Around 40 demonstrators gathered outside the Port Townsend School District’s front office on Blaine Street Thursday evening to protest school wages for paraeducators, custodians, bus drivers, …
Around 40 demonstrators gathered outside the Port Townsend School District’s front office on Blaine Street Thursday evening to protest school wages for paraeducators, custodians, bus drivers, and other classified employees at Salish Coast Elementary, Blue Heron Middle School, and Port Townsend High.
Classified school staff, represented by the Service Employees International Union (SEIU) Local 925, decided to demonstrate after the collective bargaining agreement between the union and the school district for higher wages and better benefits has stalled over the past six months.
“We have been negotiating since May of 2021 trying to get better wages; livable wages,” said Amy Recker, chapter president of SEIU Local 925.
“A first year paraeducator makes less than $15 an hour. You can make more money working at McDonald’s than you can up here,” Recker said.
With signs in hand, the demonstrators cheered and chanted before the school district’s board of directors meeting late last week.
Chants of “What do we want? Fair wages. When do we want it? Now,” echoed between picketers and union leaders shortly before the meeting started.
The largest contention between staff and school district administrators hovers around wages. Many on the union’s side feel they are being underpaid and overworked. All three schools under the district have experienced shortages in staff, according to union leaders, and many staff members and advocates mentioned the district’s starting wage rates as a factor keeping new hires away.
The school district said earlier it was committed to a fair and equitable contract settlement.
Still, the impasse has stretched into 2022.
“We need to have fair wages that are compatible to other jobs in our county, because we cant get staff. We can’t get staff because we don’t have fair wages right now; I think our biggest fight right now is the wages,” said union demonstrator Tara Clanton.
“It feels like we have some of the most demanding and pressured roles, but we’re some of the least valued employees,” said Laura Cornell, a protester at the gathering. “All of us are doing the job of two to three people every day. There are a lot more stresses and pressures just from dealing with COVID.”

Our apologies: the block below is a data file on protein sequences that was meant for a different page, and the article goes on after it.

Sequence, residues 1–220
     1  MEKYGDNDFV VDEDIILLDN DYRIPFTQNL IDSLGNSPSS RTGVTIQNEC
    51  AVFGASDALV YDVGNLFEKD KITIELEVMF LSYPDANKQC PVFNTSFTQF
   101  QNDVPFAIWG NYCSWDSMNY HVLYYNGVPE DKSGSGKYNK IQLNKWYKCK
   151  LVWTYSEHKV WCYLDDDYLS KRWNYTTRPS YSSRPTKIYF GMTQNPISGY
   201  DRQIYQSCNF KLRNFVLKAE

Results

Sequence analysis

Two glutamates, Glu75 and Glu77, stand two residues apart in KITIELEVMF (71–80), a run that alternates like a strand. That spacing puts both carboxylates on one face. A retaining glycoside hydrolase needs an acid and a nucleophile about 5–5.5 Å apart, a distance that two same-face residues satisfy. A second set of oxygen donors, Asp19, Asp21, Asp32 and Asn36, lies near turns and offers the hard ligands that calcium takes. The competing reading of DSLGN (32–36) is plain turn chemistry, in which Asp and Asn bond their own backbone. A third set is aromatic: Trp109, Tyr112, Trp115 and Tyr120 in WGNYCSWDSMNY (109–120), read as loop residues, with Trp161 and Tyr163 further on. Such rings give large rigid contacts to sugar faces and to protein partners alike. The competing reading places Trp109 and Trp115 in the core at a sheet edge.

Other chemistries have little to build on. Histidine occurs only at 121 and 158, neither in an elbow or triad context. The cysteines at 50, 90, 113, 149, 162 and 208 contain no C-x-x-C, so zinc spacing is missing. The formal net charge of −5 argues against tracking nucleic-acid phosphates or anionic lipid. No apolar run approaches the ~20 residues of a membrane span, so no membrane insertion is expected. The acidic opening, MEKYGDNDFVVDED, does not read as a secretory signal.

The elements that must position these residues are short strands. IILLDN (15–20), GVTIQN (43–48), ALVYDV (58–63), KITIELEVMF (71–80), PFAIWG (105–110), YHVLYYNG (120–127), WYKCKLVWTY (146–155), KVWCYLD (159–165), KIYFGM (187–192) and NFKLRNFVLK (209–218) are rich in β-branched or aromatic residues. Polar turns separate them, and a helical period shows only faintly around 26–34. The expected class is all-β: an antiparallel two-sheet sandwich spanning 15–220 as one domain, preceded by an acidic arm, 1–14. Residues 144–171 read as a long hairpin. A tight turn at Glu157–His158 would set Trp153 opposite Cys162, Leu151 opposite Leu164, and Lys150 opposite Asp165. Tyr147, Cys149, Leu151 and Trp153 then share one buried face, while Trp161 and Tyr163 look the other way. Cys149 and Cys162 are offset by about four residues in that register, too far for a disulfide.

The school district released an update letter to parents and staff on their website in early December, addressing the collective bargaining agreement situation and posting the proposed wage rates from the union as well as current proposed rates from the district.
In their letter, the district states: “Unfortunately the district and SEIU have not been able to reach agreement on the issues outstanding between them, including salaries.”
“The district is balancing our desire to recognize staff’s value and to attract and retain quality employees against the limitations on district funding available to pay employees,” the district continued.
The current hourly wages for paraeducators and classified staff are significantly less than both proposed rates from the SEIU Local 925 union and the school district. The current mean average hourly wage of paraeducators and classified staff, comprised of bus drivers, custodians, groundskeepers, and other positions, is $18.27.
The mean average proposed salary rates from the SEIU is $20.72, while the mean average rates proposed by the school district is $20.37.
The increase in wages (by using the district’s proposed salary changes) would cost the school district approximately $190,000 in the first year over current wages, according to the district.
“The district is committed to reaching a fair and equitable contract settlement with its SEIU — represented classified employees — providing them with significant salary increases while also respecting the serious constraints faced by the district in addressing multiple other priorities and demands within the context of its limited financial resources,” the school district’s update letter said.
After reading the update, some school staff members were unhappy with how the collective bargaining agreement was portrayed by administrators.
“The statement that this ‘district is committed to reaching a fair and equitable contract settlement’ is false. The last time we were given a raise was because some posted wages were below [the] minimum wage. We are one of the lowest paid classified staffs in Western Washington,” Recker told the school board.
“I applaud your attempt at being transparent but am disappointed that you chose to post such a one-sided letter. If the letter is any indication, you have no idea what is going on with your classified staff,” she added.
Ten additional people made public comments in front of the board of directors, with a variety of school staff adding remarks.
“Currently, Port Townsend drivers make $18.91 an hour and Chimacum starts their drivers at $22.55. Why would a driver come to work for Port Townsend when there are better wages and more hours offered to them in Chimacum?” asked Bethel Moore, a bus driver for the Port Townsend School District.
“You have to look at how understaffed we are and underpaid. The pay isn’t everything, but it sure helps,” said secretary Lisa Anderson.
Presently, the collective bargaining agreement contract is still in limbo between union organizers and school district administrators. The board of directors’ next business meeting is Jan. 20, where directors will likely discuss the ongoing contract dispute.